Capitol Corridor needed an interoperable fare payment method because it runs between two major regions of Northern California that use two different closed-loop transit cards: Clipper in the Bay Area, and Connect Card in Sacramento. Neither Clipper nor Connect Card could be integrated with Amtrak’s federal and state ticketing requirements, and connecting transit agencies on the Sacramento end of the line are looking into accepting contactless debit/credit cards alongside their other fare payment methods.
To bring a more convenient form of fare payment to Capitol Corridor customers, CCJPA elected to pilot accepting contactless open-loop bank cards, the global standard for paying for goods and services. Beginning with registered pilot participants, Capitol Corridor customers will be able to pay for a transit ride the same way they do for other everyday purchases—without stopping to download transit agency-specific apps, juggle exact change, or buy or reload multiple regional farecards.
Pilot participants will also be able to take advantage of distance-based “fare capping”: Tapped fares are automatically calculated based on distance traveled, and they are “capped” at a weekly maximum when a rider taps the same bank card each time they travel between their home station and most frequent destination station on Capitol Corridor. This more equitable method of fare payment allows customers to pay as they go (instead of paying the full price of a pass upfront) and only for the number of train rides they take and the distance they actually travel. Riders can also monitor their fare spending via a convenient web portal.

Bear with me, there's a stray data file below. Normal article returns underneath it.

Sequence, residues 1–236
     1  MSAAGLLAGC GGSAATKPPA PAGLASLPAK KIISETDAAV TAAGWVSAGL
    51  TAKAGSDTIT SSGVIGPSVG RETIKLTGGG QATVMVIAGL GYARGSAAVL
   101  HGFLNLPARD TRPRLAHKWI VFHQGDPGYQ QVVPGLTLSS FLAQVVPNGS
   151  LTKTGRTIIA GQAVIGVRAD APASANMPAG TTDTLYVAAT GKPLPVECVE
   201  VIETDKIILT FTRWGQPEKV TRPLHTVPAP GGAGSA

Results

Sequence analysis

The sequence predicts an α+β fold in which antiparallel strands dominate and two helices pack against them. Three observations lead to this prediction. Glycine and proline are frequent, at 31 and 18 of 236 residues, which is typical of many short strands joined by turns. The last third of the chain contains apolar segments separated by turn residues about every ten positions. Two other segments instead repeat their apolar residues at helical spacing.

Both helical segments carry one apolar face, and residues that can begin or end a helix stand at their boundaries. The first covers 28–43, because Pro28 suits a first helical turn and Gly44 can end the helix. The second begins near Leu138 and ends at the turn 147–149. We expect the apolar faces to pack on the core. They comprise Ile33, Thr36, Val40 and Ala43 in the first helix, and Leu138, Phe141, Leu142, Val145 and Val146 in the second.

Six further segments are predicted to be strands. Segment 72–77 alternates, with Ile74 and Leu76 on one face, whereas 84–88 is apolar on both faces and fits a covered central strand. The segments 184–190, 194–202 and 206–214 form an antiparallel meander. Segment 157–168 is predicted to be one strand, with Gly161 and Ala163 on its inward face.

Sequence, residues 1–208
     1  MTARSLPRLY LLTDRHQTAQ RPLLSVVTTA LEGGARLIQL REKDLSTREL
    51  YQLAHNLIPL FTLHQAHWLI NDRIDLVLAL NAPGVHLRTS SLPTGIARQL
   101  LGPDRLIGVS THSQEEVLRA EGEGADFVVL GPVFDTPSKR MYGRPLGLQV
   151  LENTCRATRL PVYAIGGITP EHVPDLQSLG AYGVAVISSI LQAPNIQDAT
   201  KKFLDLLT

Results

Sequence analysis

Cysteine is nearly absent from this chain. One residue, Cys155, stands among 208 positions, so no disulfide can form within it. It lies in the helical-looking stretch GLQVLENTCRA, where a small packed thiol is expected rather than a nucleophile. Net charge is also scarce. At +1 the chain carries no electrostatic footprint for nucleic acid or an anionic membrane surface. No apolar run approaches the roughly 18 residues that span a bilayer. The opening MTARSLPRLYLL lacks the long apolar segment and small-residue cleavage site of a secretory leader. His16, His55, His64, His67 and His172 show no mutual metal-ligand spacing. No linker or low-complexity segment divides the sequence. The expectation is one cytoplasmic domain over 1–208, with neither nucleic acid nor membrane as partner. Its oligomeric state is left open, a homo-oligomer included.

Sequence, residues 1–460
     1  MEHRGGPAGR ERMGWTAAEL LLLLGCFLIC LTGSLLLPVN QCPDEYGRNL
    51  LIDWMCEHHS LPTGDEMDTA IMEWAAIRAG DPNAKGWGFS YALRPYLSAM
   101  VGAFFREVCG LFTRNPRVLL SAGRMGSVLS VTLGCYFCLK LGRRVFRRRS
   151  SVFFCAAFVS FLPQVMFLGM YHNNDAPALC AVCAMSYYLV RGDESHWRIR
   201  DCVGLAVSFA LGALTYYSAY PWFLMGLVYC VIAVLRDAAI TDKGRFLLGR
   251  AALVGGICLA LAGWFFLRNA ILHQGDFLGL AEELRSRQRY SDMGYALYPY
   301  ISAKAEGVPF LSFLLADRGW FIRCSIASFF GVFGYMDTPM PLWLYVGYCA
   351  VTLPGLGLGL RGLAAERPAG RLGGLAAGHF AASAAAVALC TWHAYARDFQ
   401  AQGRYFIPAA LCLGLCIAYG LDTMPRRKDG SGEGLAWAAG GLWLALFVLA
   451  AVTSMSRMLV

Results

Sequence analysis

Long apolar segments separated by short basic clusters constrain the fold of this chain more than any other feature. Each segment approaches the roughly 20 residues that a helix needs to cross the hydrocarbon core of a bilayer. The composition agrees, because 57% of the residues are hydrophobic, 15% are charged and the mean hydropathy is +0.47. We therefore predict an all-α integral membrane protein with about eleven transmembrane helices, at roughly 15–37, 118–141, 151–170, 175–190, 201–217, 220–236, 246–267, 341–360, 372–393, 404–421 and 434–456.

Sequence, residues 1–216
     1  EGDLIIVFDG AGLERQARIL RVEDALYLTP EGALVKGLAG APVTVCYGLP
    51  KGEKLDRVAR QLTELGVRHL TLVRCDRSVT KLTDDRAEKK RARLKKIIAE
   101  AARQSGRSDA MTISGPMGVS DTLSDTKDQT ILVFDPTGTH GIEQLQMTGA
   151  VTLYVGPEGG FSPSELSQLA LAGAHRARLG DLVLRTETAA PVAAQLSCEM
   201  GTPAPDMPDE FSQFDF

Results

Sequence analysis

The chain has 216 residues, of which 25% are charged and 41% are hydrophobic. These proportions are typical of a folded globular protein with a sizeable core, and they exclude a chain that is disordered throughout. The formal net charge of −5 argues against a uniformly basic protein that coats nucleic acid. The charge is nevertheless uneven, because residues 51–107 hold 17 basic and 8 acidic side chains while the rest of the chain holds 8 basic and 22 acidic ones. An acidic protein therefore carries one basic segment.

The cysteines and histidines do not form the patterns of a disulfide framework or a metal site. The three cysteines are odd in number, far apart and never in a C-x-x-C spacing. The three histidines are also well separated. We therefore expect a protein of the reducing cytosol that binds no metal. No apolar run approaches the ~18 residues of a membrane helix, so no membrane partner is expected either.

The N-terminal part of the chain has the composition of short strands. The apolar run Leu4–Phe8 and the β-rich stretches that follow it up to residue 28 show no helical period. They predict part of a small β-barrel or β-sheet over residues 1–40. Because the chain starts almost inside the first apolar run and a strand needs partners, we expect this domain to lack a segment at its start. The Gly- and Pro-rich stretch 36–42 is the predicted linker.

For the pilot program, CCJPA will be testing trips only on Capitol Corridor trains. CCJPA will not be including bus connections, though CCJPA will be evaluating and evolving the program over the coming months and hopes to offer bus connections in the near future.
About the Capitol Corridor
Managed by the Capitol Corridor Joint Powers Authority (CCJPA), the Capitol Corridor is an intercity rail service connecting the most economically vibrant urban centers in Northern California—from Auburn/Sacramento to Silicon Valley, and including San Francisco, Oakland, and Berkeley. With free wi-fi on board, Capitol Corridor trains provide a convenient, reliable, and comfortable alternative to the congested I-80, I-680, and I-880 freeways for more than 1.8 million work and leisure travelers every year (prior to the COVID-19 pandemic).
The California Integrated Travel Project (Cal-ITP) was established by the California State Transportation Agency (CalSTA) and California Department of Transportation (Caltrans) to both improve and encourage the use of multimodal travel throughout California—by enabling contactless open-loop payments (with debit and credit cards), standardizing information for easy multimodal trip planning, and automating customer discounts (Cal-ITP Benefits). Prior to launching Cal-ITP Benefits, the Cal-ITP team successfully led contactless open-loop payment demonstrations with Monterey-Salinas Transit (MST) as well as public transit agencies in Sacramento and Santa Barbara County. Learn more at calitp.org and on @California_ITP on Twitter, or by subscribing to the Caltrans Mobility Newsletter. And visit Cal-ITP’s CAMobilityMarketplace.org for a catalog of code-compliant products and services for public mobility providers, including contactless payment acceptance hardware and software and discounted cellular data plans.